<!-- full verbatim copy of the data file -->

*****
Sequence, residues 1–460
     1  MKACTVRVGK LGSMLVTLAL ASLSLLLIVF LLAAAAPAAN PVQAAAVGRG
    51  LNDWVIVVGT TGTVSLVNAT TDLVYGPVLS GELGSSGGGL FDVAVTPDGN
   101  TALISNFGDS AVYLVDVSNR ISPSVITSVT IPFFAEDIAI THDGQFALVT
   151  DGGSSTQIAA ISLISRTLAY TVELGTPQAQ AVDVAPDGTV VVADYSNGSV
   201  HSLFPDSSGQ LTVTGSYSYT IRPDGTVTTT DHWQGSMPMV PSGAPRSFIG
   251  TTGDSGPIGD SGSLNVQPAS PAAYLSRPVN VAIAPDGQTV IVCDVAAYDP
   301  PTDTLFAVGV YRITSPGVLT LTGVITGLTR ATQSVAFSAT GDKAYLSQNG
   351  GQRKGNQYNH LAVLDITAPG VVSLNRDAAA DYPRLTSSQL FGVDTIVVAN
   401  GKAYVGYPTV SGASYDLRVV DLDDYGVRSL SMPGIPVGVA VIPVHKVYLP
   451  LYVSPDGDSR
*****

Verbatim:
Sequence, residues 1–460
     1  MKACTVRVGK LGSMLVTLAL ASLSLLLIVF LLAAAAPAAN PVQAAAVGRG
    51  LNDWVIVVGT TGTVSLVNAT TDLVYGPVLS GELGSSGGGL FDVAVTPDGN
   101  TALISNFGDS AVYLVDVSNR ISPSVITSVT IPFFAEDIAI THDGQFALVT
   151  DGGSSTQIAA ISLISRTLAY TVELGTPQAQ AVDVAPDGTV VVADYSNGSV
   201  HSLFPDSSGQ LTVTGSYSYT IRPDGTVTTT DHWQGSMPMV PSGAPRSFIG
   251  TTGDSGPIGD SGSLNVQPAS PAAYLSRPVN VAIAPDGQTV IVCDVAAYDP
   301  PTDTLFAVGV YRITSPGVLT LTGVITGLTR ATQSVAFSAT GDKAYLSQNG
   351  GQRKGNQYNH LAVLDITAPG VVSLNRDAAA DYPRLTSSQL FGVDTIVVAN
   401  GKAYVGYPTV SGASYDLRVV DLDDYGVRSL SMPGIPVGVA VIPVHKVYLP
   451  LYVSPDGDSR